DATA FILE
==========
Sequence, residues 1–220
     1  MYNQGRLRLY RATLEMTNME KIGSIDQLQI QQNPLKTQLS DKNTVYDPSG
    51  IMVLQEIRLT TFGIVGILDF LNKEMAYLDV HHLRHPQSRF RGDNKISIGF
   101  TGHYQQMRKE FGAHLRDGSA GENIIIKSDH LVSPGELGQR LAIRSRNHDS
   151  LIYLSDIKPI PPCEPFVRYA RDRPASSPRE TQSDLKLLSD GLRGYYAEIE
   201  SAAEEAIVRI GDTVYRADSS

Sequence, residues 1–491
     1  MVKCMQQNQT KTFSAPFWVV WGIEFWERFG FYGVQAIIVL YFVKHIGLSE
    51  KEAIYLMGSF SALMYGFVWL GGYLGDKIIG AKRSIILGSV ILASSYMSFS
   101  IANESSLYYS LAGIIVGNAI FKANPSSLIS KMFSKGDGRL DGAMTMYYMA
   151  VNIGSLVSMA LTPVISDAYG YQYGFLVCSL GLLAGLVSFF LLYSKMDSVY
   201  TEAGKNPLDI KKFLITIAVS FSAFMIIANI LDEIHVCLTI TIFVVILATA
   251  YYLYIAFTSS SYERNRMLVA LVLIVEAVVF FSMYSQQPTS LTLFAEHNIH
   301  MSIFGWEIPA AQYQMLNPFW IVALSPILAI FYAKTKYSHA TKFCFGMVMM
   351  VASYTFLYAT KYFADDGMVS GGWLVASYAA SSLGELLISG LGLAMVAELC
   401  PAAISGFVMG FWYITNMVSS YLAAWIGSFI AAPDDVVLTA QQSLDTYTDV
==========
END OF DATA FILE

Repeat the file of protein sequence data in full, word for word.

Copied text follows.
Sequence, residues 1–220
     1  MYNQGRLRLY RATLEMTNME KIGSIDQLQI QQNPLKTQLS DKNTVYDPSG
    51  IMVLQEIRLT TFGIVGILDF LNKEMAYLDV HHLRHPQSRF RGDNKISIGF
   101  TGHYQQMRKE FGAHLRDGSA GENIIIKSDH LVSPGELGQR LAIRSRNHDS
   151  LIYLSDIKPI PPCEPFVRYA RDRPASSPRE TQSDLKLLSD GLRGYYAEIE
   201  SAAEEAIVRI GDTVYRADSS

Sequence, residues 1–491
     1  MVKCMQQNQT KTFSAPFWVV WGIEFWERFG FYGVQAIIVL YFVKHIGLSE
    51  KEAIYLMGSF SALMYGFVWL GGYLGDKIIG AKRSIILGSV ILASSYMSFS
   101  IANESSLYYS LAGIIVGNAI FKANPSSLIS KMFSKGDGRL DGAMTMYYMA
   151  VNIGSLVSMA LTPVISDAYG YQYGFLVCSL GLLAGLVSFF LLYSKMDSVY
   201  TEAGKNPLDI KKFLITIAVS FSAFMIIANI LDEIHVCLTI TIFVVILATA
   251  YYLYIAFTSS SYERNRMLVA LVLIVEAVVF FSMYSQQPTS LTLFAEHNIH
   301  MSIFGWEIPA AQYQMLNPFW IVALSPILAI FYAKTKYSHA TKFCFGMVMM
   351  VASYTFLYAT KYFADDGMVS GGWLVASYAA SSLGELLISG LGLAMVAELC
   401  PAAISGFVMG FWYITNMVSS YLAAWIGSFI AAPDDVVLTA QQSLDTYTDV